On June 30, 2007, United States Trade Representative Susan Schwab and South Korean Foreign Trade Minister Kim Hyung-chong signed the proposed U.S.-South Korean Free Trade Agreement (KORUS FTA) for their respective countries. If approved, the KORUS FTA would be the largest FTA that South Korea has signed to date and would be the second largest (next to North American Free Trade Agreement NAFTA) in which the United States participates. South Korea is the seventh-largest trading partner of the United States and the United States is South Korea’s third largest trading partner. Various studies conclude that the agreement would increase bilateral trade and investment flows.
The final text of the proposed KORUS FTA covers a wide range of trade and investment issues and, therefore, could have wide economic implications for both the United States and South Korea. The KORUS FTA includes issues on which the two countries achieved early agreement, such as the elimination on tariffs on trade in most manufactured goods and the partial liberalization in services trade. The agreement also includes provisions on a number of very sensitive issues, such as autos, agriculture, and trade remedies, on which agreement was reached only during the final hours of negotiations.
If the agreement is to enter into force, Congress will have to approve implementation legislation. The negotiations were conducted under the trade promotion authority (TPA), also called fast-track trade authority, that the Congress granted the President under the Bipartisan Trade Promotion Act of 2002 (P.L. 107-210). The authority allows the President to enter into trade agreements that receive expedited congressional consideration (no amendments and limited debate). The White House has not indicated when it will send the draft implementing legislation to Congress. (The TPA sets no deadline for the President to do this.)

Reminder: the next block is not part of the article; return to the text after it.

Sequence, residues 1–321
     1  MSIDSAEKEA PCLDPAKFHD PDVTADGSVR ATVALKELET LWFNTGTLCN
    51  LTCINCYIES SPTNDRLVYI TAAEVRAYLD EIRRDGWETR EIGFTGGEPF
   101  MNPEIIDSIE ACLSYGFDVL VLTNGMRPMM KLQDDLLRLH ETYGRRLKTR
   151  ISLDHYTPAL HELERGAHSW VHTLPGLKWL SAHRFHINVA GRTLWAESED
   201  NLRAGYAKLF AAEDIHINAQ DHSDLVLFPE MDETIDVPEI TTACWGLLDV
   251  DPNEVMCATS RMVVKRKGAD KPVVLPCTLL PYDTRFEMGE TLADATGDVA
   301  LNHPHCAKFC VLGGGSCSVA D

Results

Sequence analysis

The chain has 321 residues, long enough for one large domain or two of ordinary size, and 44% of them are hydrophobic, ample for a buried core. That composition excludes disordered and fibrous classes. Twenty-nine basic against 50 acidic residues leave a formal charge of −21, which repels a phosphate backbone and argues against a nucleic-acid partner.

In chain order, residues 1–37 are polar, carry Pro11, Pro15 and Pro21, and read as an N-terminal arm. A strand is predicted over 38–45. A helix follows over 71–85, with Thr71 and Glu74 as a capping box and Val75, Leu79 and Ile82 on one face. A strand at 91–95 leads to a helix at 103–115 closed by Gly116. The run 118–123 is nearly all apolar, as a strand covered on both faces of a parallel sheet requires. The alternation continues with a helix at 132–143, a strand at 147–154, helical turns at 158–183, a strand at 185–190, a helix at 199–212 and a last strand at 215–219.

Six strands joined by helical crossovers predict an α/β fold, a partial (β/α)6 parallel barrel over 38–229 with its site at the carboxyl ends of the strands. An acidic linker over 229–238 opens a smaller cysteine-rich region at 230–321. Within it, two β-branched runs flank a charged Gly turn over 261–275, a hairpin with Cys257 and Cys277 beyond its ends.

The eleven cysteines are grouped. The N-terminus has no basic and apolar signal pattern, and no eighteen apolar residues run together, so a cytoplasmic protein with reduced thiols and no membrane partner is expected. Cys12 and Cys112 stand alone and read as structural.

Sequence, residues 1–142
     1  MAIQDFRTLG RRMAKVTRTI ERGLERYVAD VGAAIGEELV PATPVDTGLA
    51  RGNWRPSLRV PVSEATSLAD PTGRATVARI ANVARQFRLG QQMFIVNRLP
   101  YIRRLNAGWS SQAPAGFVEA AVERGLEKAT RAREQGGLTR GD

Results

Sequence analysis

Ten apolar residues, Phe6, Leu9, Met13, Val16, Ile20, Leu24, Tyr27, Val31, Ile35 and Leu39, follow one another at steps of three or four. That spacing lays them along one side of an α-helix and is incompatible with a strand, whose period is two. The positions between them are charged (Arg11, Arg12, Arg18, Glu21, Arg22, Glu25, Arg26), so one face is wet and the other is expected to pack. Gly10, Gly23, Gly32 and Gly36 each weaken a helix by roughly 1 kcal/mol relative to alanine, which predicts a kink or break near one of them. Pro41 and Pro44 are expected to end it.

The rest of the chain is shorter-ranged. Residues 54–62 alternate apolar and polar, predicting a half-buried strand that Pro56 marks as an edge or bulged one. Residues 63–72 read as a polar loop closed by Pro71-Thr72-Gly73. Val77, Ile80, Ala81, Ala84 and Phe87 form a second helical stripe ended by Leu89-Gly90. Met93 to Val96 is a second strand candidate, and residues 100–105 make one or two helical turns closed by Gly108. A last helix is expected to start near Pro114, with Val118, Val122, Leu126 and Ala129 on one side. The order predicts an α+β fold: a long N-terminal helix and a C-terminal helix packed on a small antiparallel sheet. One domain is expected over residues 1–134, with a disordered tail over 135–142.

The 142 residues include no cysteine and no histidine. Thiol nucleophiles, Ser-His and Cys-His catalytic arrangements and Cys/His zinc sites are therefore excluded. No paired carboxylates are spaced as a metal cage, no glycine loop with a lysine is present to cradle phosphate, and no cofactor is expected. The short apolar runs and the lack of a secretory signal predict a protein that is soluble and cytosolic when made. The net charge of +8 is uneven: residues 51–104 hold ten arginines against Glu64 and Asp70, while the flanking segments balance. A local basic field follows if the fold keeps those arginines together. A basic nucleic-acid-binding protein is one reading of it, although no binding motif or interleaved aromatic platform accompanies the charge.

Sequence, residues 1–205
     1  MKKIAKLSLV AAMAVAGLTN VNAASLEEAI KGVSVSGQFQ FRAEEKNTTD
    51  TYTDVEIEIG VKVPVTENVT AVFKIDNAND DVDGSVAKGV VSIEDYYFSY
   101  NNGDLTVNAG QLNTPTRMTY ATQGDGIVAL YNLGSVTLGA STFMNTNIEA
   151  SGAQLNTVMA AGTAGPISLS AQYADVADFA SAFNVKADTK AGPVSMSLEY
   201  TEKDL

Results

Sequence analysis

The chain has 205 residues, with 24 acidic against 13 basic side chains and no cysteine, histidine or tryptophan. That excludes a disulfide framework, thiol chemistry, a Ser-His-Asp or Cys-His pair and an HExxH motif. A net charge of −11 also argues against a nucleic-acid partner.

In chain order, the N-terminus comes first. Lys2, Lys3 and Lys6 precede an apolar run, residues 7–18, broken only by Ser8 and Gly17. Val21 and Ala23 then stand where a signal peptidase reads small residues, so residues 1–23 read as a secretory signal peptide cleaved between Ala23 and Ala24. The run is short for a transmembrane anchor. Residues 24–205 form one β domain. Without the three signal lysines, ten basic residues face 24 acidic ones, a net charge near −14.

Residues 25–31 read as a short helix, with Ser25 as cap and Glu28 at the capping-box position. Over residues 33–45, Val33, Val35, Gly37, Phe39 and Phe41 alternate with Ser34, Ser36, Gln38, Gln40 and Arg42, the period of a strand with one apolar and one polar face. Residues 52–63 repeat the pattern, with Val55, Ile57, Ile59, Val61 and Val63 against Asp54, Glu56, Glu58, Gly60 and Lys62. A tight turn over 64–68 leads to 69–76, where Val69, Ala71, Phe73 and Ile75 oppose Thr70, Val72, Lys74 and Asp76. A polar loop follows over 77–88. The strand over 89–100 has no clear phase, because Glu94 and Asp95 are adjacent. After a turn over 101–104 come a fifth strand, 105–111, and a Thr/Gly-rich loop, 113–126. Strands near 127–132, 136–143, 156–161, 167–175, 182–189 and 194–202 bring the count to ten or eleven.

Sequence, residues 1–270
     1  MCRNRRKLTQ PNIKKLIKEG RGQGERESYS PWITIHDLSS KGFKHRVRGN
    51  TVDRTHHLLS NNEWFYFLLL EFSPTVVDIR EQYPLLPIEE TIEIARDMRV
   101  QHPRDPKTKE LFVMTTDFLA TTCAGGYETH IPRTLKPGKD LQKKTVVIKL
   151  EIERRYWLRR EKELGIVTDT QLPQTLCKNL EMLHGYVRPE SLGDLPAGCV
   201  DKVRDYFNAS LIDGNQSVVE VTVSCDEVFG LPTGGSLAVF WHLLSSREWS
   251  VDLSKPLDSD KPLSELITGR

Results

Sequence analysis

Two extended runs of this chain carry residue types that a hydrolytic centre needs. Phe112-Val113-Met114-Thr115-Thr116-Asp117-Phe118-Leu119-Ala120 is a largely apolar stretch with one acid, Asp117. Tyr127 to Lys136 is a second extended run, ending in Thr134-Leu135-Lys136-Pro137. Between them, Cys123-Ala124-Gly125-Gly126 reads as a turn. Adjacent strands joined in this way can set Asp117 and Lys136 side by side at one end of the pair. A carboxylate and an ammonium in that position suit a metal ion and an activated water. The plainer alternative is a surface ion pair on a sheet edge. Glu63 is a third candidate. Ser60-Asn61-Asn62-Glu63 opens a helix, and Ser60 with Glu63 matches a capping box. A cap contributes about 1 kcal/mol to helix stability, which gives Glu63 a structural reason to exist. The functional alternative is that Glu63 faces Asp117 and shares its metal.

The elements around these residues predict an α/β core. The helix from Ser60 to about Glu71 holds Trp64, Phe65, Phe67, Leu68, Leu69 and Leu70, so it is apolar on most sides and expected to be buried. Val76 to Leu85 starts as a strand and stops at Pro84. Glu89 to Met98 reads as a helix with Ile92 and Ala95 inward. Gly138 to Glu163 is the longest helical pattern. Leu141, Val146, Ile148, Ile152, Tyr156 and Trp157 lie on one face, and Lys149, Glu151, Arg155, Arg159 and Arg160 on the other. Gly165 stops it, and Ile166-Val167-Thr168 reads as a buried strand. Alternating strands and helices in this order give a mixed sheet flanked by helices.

While a broad swath of the U.S. business community supports the agreement, the KORUS FTA faces opposition from some groups, including some auto and steel manufacturers and labor unions. In addition, the agricultural community and some Members of Congress have withheld support for the agreement until South Korea lifts its restrictions on imports of U.S. beef. Some U.S. supporters view passage of the KORUS FTA as important to secure new opportunities in the South Korea market. Opponents claim that the KORUS FTA does not go far enough in opening up the South Korean market and is a lost opportunity to resolve long running concerns about South Korean barriers. Other observers have suggested the outcome of the KORUS FTA could have implications for the U.S.-South Korean alliance as a whole.
Differences between the White House and the Democratic leadership in the Congress over the implications of the KORUS FTA have made the timing and even the likelihood of the President’s submission and the Congress’s subsequent consideration of implementing legislation uncertain. This report will be updated as events warrant.